The Fetal Mammalian Heart Generates a Robust Compensatory Response to Cell Loss
Background—Heart development is tightly regulated by signaling events acting upon a defined number of progenitor and differentiated cardiac cells. While loss-of-function of these signaling pathways leads to congenital malformation, the consequences of cardiac progenitor cell (CPC) or embryonic cardiomyocyte loss are less clear. In this study, we tested the hypothesis that embryonic mouse hearts exhibit a robust mechanism for regeneration following extensive cell loss.
Methods and Results—By combining a conditional cell ablation approach with a novel blastocyst complementation strategy, we generated murine embryos that exhibit a full spectrum of CPC or cardiomyocyte ablation. Remarkably, ablation of up to 60% of CPCs at embryonic day 7.5 was well-tolerated and permitted embryo survival. Ablation of embryonic cardiomyocytes to a similar degree (50-60%) at embryonic day 9.0 could be fully rescued by residual myocytes with no obvious adult cardiac functional deficit. In both ablation models, an increase in cardiomyocyte proliferation rate was detected and accounted for at least some of the rapid recovery of myocardial cellularity and heart size.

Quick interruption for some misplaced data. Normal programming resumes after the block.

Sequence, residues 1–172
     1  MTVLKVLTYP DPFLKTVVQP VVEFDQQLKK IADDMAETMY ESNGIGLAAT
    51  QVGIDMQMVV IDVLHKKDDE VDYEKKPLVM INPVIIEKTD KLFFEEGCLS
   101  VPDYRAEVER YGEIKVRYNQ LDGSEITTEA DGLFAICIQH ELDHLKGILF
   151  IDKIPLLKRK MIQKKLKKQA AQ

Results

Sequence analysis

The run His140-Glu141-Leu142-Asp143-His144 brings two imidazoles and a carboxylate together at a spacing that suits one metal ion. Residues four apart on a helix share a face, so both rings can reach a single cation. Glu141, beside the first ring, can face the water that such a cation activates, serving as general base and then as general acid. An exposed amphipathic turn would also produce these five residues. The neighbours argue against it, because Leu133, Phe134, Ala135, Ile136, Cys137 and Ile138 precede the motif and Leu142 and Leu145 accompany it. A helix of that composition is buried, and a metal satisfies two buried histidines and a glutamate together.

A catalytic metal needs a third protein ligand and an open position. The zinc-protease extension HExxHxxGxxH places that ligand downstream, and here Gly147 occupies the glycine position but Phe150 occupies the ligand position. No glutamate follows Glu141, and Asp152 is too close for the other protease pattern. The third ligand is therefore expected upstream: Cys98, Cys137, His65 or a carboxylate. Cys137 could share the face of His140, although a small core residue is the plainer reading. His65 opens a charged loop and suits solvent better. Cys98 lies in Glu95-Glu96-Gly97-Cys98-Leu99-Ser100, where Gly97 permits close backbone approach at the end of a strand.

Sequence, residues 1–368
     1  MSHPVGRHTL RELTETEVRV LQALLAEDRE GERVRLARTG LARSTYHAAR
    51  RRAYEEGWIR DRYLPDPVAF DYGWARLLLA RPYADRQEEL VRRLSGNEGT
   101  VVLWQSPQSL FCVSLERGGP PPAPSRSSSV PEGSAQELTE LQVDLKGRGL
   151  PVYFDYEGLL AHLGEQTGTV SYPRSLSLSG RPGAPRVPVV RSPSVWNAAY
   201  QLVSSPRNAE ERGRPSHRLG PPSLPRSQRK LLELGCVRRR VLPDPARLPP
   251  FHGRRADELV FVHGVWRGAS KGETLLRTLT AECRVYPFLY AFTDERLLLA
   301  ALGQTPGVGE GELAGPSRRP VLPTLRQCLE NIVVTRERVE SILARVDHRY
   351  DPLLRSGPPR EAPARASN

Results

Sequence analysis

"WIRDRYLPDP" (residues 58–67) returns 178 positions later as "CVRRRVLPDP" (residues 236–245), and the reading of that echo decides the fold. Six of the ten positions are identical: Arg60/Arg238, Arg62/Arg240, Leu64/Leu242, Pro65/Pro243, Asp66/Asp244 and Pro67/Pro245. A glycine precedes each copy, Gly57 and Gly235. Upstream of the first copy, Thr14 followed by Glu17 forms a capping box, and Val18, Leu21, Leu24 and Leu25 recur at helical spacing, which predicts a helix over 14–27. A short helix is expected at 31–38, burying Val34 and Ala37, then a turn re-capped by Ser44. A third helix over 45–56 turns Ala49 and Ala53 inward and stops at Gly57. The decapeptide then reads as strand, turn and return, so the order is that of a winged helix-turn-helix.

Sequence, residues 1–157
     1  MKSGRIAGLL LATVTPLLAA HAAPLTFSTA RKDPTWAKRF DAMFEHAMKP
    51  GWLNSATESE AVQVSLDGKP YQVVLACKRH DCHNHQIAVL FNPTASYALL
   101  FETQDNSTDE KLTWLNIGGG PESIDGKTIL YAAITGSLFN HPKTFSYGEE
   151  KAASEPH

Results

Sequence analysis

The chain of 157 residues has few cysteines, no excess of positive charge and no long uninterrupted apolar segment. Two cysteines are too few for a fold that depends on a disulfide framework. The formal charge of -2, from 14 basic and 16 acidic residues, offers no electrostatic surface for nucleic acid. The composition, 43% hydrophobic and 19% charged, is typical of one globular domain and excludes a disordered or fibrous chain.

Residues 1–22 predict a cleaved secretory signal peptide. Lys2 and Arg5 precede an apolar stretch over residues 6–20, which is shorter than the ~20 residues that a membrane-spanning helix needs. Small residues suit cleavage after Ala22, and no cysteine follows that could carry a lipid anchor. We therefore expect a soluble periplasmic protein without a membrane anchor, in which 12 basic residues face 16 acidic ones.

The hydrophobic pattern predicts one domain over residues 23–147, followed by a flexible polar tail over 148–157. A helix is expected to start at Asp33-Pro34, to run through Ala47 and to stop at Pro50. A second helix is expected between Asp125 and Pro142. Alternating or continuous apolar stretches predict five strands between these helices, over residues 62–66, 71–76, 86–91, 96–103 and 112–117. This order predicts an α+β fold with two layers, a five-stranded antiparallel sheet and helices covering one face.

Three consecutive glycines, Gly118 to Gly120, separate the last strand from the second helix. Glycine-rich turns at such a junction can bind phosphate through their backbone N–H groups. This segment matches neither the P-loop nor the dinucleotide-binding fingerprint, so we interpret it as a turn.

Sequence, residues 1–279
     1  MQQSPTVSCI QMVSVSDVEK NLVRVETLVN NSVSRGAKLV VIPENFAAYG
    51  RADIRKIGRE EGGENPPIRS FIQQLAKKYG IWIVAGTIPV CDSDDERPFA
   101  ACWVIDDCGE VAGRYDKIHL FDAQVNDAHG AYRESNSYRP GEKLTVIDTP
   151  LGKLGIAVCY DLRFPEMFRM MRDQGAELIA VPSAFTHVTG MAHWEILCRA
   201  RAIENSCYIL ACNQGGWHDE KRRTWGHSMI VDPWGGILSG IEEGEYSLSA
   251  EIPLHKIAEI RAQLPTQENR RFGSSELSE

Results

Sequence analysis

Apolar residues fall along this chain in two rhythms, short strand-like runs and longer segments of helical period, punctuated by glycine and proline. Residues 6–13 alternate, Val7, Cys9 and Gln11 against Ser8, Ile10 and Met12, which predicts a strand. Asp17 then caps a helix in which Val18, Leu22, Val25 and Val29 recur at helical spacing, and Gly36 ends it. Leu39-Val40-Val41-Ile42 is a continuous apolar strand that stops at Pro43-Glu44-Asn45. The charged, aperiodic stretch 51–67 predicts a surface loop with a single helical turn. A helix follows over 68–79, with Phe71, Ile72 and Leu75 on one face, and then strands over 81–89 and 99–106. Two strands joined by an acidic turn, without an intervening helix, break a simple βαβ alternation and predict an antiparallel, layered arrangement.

Conclusions—Our study defines the threshold for cell loss in the embryonic mammalian heart and reveals a robust cardiomyocyte compensatory response that sustains normal fetal development.
- cardiomyocyte proliferation
- developmental plasticity
- growth regulation
- cardiac development
- cardiac progenitor cells
- stem cell plasticity
- Received June 17, 2014.
- Revision received April 9, 2015.
- Accepted April 17, 2015.